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Title: importing does not dispatch to __builtins__.__getitem__ to lookup __import__
Type: enhancement Stage:
Components: Interpreter Core Versions: Python 3.11, Python 3.10, Python 3.9
Status: open Resolution:
Dependencies: Superseder:
Assigned To: Nosy List: brett.cannon, pxeger, steven.daprano
Priority: normal Keywords:

Created on 2021-07-15 08:30 by pxeger, last changed 2022-04-11 14:59 by admin.

File name Uploaded Description Edit pxeger, 2021-07-15 08:30 Demonstration of this behaviour
Messages (6)
msg397531 - (view) Author: Patrick Reader (pxeger) * Date: 2021-07-15 08:30
When a frame's __builtins__ is a subclass of dict with an overridden __getitem__ method, this overriden method is not used by the IMPORT_NAME instruction to lookup __import__ in the dictionary; it uses the lookup function of normal dictionaries (via _PyDict_GetItemIdWithError). This is contrary to the behaviour of the similar LOAD_BUILD_CLASS, as well as the typical name lookup semantics of LOAD_GLOBAL/LOAD_NAME, which all use PyDict_CheckExact for a "fast path" before defaulting to PyObject_GetItem, which is not the behaviour I expected.

Perhaps more seriously, if __builtins__ is not a dict at all, then it gets erroneously passed to some internal dict functions resulting in a mysterious SystemError ("Objects/dictobject.c:1440: bad argument to internal function") which, to me, indicates fragile behaviour that isn't supposed to happen.

Could this be changed, so that __builtins__ is used dynamically? I understand this is a highly specific use case and changing it would probably cause a bit of a slow-down in module importing so is perhaps not worth doing, but I've posted this issue to track it anyway.

I cannot find evidence that this behaviour has changed at all in recent history and it seems to be the same on the main branch as in 3.9.6.

Per a brief discussion with Brett Cannon on python-dev (, I have labelled this a feature request because it has never really been expected behaviour.

A short demo of these things is attached.

Links to relevant CPython code in v3.9.6:




msg397532 - (view) Author: Steven D'Aprano (steven.daprano) * (Python committer) Date: 2021-07-15 08:35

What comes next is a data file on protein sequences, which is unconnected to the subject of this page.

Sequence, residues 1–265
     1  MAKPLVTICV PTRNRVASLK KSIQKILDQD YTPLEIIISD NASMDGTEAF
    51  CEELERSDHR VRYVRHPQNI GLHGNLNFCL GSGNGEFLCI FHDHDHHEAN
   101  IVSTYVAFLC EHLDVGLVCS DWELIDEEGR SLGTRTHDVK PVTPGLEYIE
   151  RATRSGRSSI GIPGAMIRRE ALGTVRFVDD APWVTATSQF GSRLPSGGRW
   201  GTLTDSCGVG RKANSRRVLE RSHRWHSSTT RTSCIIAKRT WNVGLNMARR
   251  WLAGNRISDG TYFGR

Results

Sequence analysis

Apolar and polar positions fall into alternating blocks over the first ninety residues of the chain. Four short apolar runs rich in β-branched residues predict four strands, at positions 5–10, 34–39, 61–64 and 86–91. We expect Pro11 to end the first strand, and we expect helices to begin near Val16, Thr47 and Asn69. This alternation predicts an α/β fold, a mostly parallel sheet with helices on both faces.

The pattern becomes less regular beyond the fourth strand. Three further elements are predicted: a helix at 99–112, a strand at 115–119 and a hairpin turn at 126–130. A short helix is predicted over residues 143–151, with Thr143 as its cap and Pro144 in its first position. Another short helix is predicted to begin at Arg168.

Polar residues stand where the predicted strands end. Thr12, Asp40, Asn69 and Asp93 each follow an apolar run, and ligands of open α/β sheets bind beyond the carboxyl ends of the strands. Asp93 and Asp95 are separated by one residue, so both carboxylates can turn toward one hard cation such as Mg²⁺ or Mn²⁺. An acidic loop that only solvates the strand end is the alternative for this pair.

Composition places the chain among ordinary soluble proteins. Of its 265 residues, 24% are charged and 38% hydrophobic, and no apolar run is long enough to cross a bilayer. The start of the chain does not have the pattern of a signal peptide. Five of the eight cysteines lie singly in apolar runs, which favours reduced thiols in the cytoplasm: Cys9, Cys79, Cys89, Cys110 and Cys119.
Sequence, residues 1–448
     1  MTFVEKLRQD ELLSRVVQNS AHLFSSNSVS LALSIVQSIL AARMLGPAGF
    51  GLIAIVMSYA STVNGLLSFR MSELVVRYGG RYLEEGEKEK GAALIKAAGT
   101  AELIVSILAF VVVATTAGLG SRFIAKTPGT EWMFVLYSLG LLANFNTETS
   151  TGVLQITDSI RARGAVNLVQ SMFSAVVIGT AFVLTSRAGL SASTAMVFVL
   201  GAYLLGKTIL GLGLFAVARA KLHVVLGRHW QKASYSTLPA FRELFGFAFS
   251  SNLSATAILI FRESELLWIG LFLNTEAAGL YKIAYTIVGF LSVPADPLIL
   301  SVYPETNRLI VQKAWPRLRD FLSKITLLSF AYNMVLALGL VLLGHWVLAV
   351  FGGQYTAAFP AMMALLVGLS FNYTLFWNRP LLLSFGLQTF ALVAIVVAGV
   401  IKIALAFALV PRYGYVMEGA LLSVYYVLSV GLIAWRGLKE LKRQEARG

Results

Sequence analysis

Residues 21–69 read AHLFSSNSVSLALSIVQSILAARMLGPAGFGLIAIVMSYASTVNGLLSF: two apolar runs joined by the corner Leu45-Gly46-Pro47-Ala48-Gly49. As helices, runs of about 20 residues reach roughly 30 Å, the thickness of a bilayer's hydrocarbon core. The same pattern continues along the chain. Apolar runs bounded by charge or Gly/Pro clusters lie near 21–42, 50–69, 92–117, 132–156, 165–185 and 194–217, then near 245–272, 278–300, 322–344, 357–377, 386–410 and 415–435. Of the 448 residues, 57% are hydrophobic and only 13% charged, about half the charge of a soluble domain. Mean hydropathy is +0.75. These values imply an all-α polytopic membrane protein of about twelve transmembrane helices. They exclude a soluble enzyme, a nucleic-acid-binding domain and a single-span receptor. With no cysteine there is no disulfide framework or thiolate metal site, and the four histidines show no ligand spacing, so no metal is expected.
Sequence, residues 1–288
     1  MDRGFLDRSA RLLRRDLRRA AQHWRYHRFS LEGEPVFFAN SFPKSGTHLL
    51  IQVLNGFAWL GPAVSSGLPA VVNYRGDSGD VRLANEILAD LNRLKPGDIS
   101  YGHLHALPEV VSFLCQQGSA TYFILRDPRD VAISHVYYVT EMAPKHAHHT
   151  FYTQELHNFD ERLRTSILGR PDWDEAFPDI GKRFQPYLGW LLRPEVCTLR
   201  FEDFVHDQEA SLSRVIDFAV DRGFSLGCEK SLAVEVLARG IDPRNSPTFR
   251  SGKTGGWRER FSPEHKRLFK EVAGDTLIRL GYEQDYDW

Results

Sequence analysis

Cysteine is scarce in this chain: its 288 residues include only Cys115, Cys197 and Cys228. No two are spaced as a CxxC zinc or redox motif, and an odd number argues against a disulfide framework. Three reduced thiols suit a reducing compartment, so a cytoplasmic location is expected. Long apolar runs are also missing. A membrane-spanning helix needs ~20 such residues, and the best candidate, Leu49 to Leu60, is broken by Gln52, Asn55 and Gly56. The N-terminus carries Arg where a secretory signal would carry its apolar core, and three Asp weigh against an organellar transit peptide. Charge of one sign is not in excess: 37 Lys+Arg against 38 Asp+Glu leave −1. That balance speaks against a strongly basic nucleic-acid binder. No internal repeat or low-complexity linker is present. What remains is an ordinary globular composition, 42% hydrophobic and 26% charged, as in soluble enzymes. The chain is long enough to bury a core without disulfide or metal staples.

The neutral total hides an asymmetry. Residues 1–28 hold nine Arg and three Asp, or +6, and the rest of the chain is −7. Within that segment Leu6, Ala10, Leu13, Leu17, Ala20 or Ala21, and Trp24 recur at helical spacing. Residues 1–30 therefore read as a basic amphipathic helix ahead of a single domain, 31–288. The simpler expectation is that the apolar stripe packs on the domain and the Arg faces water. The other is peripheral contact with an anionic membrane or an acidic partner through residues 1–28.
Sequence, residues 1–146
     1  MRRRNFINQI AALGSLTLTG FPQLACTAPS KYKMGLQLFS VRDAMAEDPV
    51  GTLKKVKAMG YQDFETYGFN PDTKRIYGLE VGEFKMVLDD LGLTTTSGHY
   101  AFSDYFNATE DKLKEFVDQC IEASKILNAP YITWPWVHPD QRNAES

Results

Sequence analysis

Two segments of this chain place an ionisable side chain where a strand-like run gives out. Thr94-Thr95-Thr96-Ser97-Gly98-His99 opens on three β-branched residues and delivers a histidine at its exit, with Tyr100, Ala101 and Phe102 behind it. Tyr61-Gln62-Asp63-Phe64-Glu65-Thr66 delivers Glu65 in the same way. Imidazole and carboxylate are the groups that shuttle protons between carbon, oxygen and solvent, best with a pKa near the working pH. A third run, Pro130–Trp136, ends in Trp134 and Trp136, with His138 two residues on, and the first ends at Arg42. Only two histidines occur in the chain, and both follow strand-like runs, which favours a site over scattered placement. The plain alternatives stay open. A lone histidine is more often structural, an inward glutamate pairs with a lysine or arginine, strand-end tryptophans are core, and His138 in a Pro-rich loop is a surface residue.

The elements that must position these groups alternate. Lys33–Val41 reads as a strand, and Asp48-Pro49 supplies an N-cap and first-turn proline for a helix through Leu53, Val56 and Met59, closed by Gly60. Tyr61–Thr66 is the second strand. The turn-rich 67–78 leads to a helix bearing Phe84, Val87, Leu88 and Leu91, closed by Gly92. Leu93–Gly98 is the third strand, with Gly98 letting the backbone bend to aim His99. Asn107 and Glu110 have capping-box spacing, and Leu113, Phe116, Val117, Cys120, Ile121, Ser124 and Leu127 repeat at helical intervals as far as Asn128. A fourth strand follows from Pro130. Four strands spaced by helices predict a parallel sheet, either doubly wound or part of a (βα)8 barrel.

Isn't `__builtins__` a private CPython feature? Other implementations may not have it or use it, and it is my understanding that we should not touch it.
msg397533 - (view) Author: Patrick Reader (pxeger) * Date: 2021-07-15 10:24
It may be, but in that case, why do LOAD_BUILD_CLASS and things still use it?
msg397534 - (view) Author: Patrick Reader (pxeger) * Date: 2021-07-15 10:44
Similarly, when passing a subclass of dict to exec or eval as the locals or globals, all other instructions dispatch to the correct __getitem__ method. I'm pretty sure that's not CPython-private
msg397535 - (view) Author: Steven D'Aprano (steven.daprano) * (Python committer) Date: 2021-07-15 10:45
On Thu, Jul 15, 2021 at 10:24:34AM +0000, Patrick Reader wrote:
> It may be, but in that case, why do LOAD_BUILD_CLASS and things still use it?

They're allowed to use CPython implementation details because they are 
part of the CPython implementation.
msg397536 - (view) Author: Patrick Reader (pxeger) * Date: 2021-07-15 10:51
Ok what I meant was, why does constructing a class use it when it looks up __build_class__ then?
Date User Action Args
2022-04-11 14:59:47adminsetgithub: 88809
2021-07-15 10:51:35pxegersetmessages: + msg397536
2021-07-15 10:45:29steven.dapranosetmessages: + msg397535
2021-07-15 10:44:02pxegersetmessages: + msg397534
2021-07-15 10:24:34pxegersetmessages: + msg397533
2021-07-15 08:35:25steven.dapranosetnosy: + steven.daprano
messages: + msg397532
2021-07-15 08:30:05pxegercreate